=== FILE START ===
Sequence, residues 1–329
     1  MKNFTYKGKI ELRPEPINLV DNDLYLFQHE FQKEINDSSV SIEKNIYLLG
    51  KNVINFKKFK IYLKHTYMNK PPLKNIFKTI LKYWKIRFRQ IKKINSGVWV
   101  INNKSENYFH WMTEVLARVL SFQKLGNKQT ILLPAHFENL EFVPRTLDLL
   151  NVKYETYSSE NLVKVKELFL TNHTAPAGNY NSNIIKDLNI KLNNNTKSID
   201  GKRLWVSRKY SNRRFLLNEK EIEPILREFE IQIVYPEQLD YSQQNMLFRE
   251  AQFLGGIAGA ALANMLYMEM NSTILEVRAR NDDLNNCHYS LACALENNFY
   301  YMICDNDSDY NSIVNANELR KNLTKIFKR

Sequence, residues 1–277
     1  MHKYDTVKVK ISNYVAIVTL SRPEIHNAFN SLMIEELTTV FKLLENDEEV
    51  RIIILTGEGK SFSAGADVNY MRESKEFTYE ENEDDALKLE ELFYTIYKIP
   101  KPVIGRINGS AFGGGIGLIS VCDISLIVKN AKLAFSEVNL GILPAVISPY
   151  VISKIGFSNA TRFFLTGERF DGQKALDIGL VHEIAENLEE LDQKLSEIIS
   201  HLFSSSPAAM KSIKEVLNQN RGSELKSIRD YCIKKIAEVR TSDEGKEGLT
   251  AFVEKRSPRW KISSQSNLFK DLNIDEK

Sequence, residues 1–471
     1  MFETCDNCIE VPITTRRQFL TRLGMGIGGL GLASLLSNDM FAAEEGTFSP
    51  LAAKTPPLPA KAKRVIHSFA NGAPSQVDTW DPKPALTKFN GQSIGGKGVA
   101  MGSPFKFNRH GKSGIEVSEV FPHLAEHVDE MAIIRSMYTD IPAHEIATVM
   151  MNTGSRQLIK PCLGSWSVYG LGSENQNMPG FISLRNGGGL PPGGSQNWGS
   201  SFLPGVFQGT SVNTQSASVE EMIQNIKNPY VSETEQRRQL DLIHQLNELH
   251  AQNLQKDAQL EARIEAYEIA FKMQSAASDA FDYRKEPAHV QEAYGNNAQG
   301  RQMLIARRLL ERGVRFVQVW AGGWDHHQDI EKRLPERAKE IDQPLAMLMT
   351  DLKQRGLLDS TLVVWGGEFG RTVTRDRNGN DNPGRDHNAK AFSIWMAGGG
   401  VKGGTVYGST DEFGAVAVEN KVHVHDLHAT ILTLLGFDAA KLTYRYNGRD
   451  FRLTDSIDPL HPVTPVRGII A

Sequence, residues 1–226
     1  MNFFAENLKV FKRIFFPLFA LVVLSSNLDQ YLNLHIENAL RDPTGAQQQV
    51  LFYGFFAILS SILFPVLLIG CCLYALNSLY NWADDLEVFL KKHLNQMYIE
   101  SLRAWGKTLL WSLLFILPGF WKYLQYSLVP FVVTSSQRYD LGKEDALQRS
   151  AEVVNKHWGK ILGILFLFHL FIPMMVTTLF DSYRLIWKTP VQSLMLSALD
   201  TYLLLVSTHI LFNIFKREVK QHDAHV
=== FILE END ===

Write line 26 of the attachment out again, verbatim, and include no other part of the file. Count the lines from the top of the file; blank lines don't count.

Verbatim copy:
   451  FRLTDSIDPL HPVTPVRGII A